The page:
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Over time, the term "Rabbath" was no longer used and the city became known as "Ammon".
So all the old material will be left here for archival purposes, with comments turned off.Today, several Ammonite ruins across Amman exist, such as Qasr Al-Abd, Rujm Al-Malfouf and some parts of the Amman Citadel.The ruins of Rujm Al-Malfouf consist of a stone watchtower used to ensure protection of their capital and several store rooms to the east.It is expected that in the next 10 years these three cities will capture the largest share of multinational corporation activity in the region.Amman derives its name from the 13th century BC when the Ammonites named it "Rabbath Ammon", with the term Rabbath meaning the "Capital" or the "King's Quarters".In the outskirts of Amman, one of the largest known ancient settlements in the Near East was discovered.
The site, known as 'Ain Ghazal, dates back to 7250 BC and spans an area of 15 hectares (37 acres).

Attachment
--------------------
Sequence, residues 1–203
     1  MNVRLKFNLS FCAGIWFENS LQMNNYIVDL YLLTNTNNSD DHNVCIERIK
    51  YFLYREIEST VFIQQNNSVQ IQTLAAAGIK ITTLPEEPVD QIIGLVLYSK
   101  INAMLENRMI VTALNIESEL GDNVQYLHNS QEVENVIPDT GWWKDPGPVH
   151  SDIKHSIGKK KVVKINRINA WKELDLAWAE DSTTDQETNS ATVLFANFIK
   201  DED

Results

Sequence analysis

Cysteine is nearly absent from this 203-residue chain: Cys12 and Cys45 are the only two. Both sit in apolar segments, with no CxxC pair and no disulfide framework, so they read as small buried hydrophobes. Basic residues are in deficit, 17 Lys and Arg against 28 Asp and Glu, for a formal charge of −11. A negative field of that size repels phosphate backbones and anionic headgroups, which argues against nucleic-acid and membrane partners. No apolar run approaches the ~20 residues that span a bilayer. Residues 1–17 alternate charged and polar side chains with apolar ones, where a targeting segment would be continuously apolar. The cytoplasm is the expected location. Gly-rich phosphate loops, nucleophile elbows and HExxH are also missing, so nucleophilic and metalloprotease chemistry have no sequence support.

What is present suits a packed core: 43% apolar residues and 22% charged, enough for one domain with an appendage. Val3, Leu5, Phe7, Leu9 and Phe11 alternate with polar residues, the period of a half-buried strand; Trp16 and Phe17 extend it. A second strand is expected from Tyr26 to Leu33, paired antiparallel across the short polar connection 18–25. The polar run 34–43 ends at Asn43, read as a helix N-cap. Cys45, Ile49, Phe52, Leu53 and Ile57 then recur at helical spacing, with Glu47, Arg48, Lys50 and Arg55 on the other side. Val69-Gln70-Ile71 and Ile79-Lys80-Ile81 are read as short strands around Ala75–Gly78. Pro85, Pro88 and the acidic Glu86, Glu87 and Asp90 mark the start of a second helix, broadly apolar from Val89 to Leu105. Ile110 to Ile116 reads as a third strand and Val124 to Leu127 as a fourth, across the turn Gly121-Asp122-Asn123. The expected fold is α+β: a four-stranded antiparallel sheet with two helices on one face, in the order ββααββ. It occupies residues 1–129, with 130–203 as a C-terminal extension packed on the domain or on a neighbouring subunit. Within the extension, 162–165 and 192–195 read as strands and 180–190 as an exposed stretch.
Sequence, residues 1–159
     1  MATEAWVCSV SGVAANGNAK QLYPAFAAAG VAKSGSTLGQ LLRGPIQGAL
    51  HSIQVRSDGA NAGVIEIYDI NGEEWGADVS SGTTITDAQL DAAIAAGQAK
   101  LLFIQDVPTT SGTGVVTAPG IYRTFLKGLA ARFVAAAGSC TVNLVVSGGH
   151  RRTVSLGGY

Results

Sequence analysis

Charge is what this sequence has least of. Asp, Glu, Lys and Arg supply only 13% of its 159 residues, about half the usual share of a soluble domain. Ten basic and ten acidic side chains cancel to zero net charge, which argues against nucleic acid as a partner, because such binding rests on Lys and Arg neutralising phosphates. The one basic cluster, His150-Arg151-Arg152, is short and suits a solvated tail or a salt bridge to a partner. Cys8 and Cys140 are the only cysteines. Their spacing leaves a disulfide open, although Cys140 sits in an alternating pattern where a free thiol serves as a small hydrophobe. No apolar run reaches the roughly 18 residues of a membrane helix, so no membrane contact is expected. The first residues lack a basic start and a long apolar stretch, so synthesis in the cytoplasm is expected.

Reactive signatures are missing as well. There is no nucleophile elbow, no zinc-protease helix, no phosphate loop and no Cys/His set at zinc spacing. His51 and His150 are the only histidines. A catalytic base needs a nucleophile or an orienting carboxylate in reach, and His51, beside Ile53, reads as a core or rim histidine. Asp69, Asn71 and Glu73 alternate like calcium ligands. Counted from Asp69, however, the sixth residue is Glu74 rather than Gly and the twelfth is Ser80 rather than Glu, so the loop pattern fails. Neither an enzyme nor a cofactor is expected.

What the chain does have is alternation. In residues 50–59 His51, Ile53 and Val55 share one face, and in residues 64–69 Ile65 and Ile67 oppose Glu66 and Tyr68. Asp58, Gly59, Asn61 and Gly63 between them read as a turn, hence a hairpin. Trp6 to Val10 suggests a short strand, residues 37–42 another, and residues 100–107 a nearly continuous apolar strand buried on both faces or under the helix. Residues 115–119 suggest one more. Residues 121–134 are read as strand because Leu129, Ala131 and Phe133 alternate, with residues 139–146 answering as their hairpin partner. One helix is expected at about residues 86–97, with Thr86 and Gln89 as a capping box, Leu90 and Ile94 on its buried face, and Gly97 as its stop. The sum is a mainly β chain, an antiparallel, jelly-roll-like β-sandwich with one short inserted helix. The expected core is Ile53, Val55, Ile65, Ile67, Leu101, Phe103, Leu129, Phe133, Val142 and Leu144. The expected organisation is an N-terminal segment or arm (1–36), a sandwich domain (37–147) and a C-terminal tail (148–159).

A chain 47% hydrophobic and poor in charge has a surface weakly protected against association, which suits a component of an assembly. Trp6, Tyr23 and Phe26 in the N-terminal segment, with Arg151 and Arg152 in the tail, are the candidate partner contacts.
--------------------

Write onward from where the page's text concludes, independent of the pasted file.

In the 13th century BC Amman was the capital of the Ammonites, and became known as "Rabbath Ammon".
Ammon provided several natural resources to the region, including sandstone and limestone, along with a productive agricultural sector that made Ammon a vital location along the King's Highway, the ancient trade route connecting Egypt with Mesopotamia, Syria and Anatolia.
Despite the damage brought by urban expansion, the remains of 'Ain Ghazal provided a wealth of information.
These statues are human figures made with white plaster, with painted clothes, hair, and in some cases ornamental tattoos.
Excavations by archaeologists near Amman Civil Airport uncovered a temple, which included an altar containing many human bone fragments.